Burnout…isn’t the same as stressed-out or depressed

Burnout…isn’t the same as stressed-out or depressed

No more understandable time than these days to feel burned-out, stressed-out, or depressed. I mean, are you kidding me? But it’s really important to understand they aren’t synonymous. And it’s even more important to know the difference. Let’s see what we can learn…

Here’s the best way to understand the difference between stress and burnout: Stress is an issue of too much, whereas burnout is about not enough.

It happens. Heading out of town for a few days, so don’t have time to create a worthy post. Instead of bailing, I hit the Chipur archives and found a relevant post from nine years ago to tidy-up and bring your way.

I think you’ll find the piece really helpful. It’s a longie, so let’s get right into it…

What is burnout?

Fact is, many of us push ourselves to the max, living in the midst of staggering stress. I suppose one may get used to it and somehow continue to drag themselves through life.

But when feelings of helplessness, the “constant-struggle’s,” the “why-bother’s,” a nasty attitude, and physical/emotional/mental exhaustion begin to present, it’s time to step-back and gain some perspective. At this point if the burnout-inferno hasn’t already arrived, it’s imminent.

And you know what? The manifestations of burnout will seep into every nook and cranny of your life. I’ll tell you what, it’s not over-dramatizing to say a killer may be on the loose.

You’re burned-out, not stressed-out or depressed

Unfortunately, burnout is often misunderstood and mislabeled: “I’m just stressed-out.” “It’s only a bit of depression.” When those words are spoken in the face of burnout signs and symptoms it’s obvious it’s been missed and dismissed.

Here’s the best way to understand the difference between stress and burnout: Stress is an issue of too much, whereas burnout is about not enough.

Millions of people take-on tons of stress. And many will manage well because they can envision things calming-down as they get their ducks in a row. But burnout is about feelings of helplessness, hopelessness, and inadequacy. And it’s tough to move forward under their spell.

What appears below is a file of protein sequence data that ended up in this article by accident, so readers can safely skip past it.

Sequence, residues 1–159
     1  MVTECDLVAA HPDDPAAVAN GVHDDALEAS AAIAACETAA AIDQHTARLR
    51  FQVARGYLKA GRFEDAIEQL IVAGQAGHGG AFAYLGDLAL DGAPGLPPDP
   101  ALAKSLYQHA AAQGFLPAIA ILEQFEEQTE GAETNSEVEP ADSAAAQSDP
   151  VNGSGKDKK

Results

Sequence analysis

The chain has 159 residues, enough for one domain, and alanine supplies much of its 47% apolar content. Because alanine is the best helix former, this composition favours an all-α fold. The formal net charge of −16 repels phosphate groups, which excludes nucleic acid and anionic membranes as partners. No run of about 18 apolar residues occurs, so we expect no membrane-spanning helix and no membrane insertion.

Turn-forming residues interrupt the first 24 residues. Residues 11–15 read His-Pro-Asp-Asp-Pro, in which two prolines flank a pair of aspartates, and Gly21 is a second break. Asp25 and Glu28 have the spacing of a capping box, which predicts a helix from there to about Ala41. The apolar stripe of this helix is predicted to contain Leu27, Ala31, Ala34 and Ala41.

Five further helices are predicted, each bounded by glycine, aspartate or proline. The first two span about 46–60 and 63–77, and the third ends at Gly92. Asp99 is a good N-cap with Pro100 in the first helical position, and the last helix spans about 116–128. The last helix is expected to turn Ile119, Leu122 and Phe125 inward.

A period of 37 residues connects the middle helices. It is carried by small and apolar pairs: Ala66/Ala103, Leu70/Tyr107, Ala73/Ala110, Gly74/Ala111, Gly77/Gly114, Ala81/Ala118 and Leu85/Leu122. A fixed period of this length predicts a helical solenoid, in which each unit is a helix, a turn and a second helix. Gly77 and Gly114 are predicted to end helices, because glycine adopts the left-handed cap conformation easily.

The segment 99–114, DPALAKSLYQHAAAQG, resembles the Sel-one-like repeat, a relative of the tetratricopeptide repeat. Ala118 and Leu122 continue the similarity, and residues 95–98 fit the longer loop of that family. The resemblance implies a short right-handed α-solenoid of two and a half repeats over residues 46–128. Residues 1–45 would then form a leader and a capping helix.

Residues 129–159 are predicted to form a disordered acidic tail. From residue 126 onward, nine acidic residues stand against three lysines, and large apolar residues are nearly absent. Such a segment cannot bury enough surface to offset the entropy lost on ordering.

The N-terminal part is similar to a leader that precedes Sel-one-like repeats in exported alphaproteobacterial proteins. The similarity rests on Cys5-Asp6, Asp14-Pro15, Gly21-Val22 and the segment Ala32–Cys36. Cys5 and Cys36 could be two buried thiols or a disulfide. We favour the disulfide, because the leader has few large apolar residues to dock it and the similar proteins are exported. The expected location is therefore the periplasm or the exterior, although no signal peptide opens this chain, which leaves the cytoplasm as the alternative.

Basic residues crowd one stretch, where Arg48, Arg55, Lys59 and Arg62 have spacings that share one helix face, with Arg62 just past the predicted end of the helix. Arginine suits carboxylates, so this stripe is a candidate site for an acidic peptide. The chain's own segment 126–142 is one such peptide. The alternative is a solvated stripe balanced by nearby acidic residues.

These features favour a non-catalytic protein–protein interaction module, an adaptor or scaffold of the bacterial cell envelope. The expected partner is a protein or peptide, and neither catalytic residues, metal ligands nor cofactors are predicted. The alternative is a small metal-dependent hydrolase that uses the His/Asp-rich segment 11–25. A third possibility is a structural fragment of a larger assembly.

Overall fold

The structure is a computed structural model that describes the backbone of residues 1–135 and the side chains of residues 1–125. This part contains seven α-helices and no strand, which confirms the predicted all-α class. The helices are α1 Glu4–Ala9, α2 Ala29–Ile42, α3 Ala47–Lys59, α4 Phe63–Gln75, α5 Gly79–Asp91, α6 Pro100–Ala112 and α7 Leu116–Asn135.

Here’s another stress/burnout distinguishing factor. You typically know when you’re in the midst of a ton of stress. Burnout, however, often flies under the radar. I mean, you know something’s wrong, but what? And that’s what makes burnout so dangerous.

Oh, about depression. Absolutely, the manifestations of burnout resemble symptoms of a major depressive episode. But burnout is a unique pathology calling for its own treatment protocol.

I will say, though, that someone who’s been diagnosed with major depressive disorder may be more susceptible to burnout.

What does burnout look like?

why am i depressed

“Dang, why all these aches and pains all of the sudden?”

I don’t know of a better way to identify and understand a troubling phenomenon than to detail, in this case, its signs and symptoms.

So let’s do just that with burnout. I know you’ll find it helpful. But you may also find it a little confusing because there really is some manifestation overlap with being stressed-out and depressed.

Still, here are the most common signs and symptoms of burnout. Without perhaps creating a problem that may not exist (we can be good at that), see if anything hits home…

  • Acute boredom, lack of motivation, procrastination
  • Low self-regard and buckets of self-doubt
  • Chronic fatigue, aches, and pains
  • Frequent physical illnesses
  • Most any task feels as though it’s a waste of time and energy
  • Deeply feeling, “Same crap, different day.”
  • Changes in appetite and/or sleep
  • Isolation and withdrawal
  • Food and substance abuse
  • Misplaced anger
  • Missing work, school, appointments, social engagements, etc.

I’ll add that scientists have observed altered physiology and anatomy associated with burnout. Activity in the brain’s frontal lobe changes, as does cortisol regulation. And the cortisol piece is huge. As you likely know, the effects of fluctuating cortisol levels are far-reaching in terms of physical health.

How to manage burnout

Managing burnout involves two pieces. Prevention is always the first order of business. However, if the inferno has hit, you need to be able to extinguish the flames. Let’s chat both…